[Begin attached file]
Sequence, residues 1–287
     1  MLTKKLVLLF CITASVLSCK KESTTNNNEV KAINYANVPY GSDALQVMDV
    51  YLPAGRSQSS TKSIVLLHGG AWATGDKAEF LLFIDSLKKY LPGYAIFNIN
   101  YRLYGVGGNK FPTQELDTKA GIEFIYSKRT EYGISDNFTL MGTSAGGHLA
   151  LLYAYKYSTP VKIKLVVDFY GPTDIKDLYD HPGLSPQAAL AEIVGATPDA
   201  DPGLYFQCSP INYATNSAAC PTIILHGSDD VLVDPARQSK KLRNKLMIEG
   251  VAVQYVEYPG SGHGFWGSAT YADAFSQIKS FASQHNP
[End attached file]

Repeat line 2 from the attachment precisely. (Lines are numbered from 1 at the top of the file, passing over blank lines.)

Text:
     1  MLTKKLVLLF CITASVLSCK KESTTNNNEV KAINYANVPY GSDALQVMDV